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10 Ways Our Moviegoing Experience Will Change

To compete with the easy availability of streaming entertainment at home and in the pockets of consumers, theaters will need to find new ways to engage audiences. ©Dario Lo Presti/iStockphoto
To compete with the easy availability of streaming entertainment at home and in the pockets of consumers, theaters will need to find new ways to engage audiences. ©Dario Lo Presti/iStockphoto

The digital revolution is transforming the entertainment industry in fantastic and agonizing ways. For consumers, there's probably never been a better time to explore all sorts of music and shows. For the businesses that rely on consistent patronage to stay afloat — such as movie theaters — the flooded marketplace is a finicky and frightening place.

It's not that movie tickets sales are plummeting in a panicky way. Ticket statistics actually show that movies still draw crowds, as box office numbers increased by about 4 percent in 2013 [Source: MPAA]. Part of the increase is due to rising ticket prices (as any movie fanatic will groan about), but the fact remains that fewer people are buying fewer tickets, particularly in America [Source: LA Times].

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Theater owners feel the pressure of competing with a fractured audience. Streaming media is an enormous challenge to theaters. In years gone by, the movie theater was the place to be on weekends. Nowadays, consumers have personal control of on-demand movies and TV shows right in their own homes.

And other industry observers are sounding a death knell of sorts for traditional in-theater movie experiences. They say rude, cell-phone obsessed people, the dubious appeal of 3-D movies, wallet-scorching concession prices and a flaccid economy are likely to keep people at home for the foreseeable future.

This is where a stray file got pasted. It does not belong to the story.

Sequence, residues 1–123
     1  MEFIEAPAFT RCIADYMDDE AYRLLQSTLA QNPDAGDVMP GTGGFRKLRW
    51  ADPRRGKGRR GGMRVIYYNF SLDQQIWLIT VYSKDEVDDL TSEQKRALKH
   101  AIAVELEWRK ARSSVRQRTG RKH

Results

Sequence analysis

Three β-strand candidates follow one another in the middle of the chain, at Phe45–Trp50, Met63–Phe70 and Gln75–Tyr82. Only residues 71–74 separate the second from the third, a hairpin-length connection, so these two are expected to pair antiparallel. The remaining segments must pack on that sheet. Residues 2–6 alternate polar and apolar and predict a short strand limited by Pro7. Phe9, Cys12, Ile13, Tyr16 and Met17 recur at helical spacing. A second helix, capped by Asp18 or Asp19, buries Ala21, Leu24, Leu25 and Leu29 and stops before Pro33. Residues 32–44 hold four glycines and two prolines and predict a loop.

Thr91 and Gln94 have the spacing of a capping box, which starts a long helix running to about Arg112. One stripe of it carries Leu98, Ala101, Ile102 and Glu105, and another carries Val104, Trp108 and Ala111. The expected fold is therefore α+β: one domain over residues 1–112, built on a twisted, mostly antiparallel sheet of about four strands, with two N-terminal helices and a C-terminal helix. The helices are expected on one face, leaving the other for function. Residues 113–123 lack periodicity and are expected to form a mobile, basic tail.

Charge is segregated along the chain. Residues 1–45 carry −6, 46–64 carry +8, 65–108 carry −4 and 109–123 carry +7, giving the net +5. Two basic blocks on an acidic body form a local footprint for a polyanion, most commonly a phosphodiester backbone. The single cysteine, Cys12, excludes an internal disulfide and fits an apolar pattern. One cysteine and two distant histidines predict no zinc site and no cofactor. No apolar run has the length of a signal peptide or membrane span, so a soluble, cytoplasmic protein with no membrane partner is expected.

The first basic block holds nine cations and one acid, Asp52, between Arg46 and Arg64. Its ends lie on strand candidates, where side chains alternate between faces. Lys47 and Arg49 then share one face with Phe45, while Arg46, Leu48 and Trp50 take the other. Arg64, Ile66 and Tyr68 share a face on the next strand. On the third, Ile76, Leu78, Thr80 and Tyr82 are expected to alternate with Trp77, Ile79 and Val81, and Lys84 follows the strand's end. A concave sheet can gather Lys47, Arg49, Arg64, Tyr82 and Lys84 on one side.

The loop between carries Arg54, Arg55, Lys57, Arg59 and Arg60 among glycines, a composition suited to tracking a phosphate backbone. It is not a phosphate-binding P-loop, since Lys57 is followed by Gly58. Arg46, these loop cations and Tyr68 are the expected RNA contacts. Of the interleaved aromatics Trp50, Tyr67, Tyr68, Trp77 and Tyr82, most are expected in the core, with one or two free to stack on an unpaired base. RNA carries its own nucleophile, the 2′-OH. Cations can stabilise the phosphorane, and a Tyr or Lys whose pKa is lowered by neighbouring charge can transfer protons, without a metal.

The smartest theater owners aren't waiting to see if their audiences will stick around. Instead, they're thinking ahead for the newest ways to draw in viewers and keep them coming back. Some of their ideas might be frivolous; others are fantastic and weird and wonderful. Keep reading and you'll see why movie going might never again be the same.

The level of service varies from fast food to fancier fare, but bypassing the line at the concessions counter is a big draw for some theater goers. © Randy Faris/Corbis
The level of service varies from fast food to fancier fare, but bypassing the line at the concessions counter is a big draw for some theater goers. © Randy Faris/Corbis

One of the challenges of movie going has always been timing a snack run. You wait for a lull in the action and then walk briskly to the snack counter, grab your popcorn and then sprint back to your seat, hoping that you didn't miss any of the fun.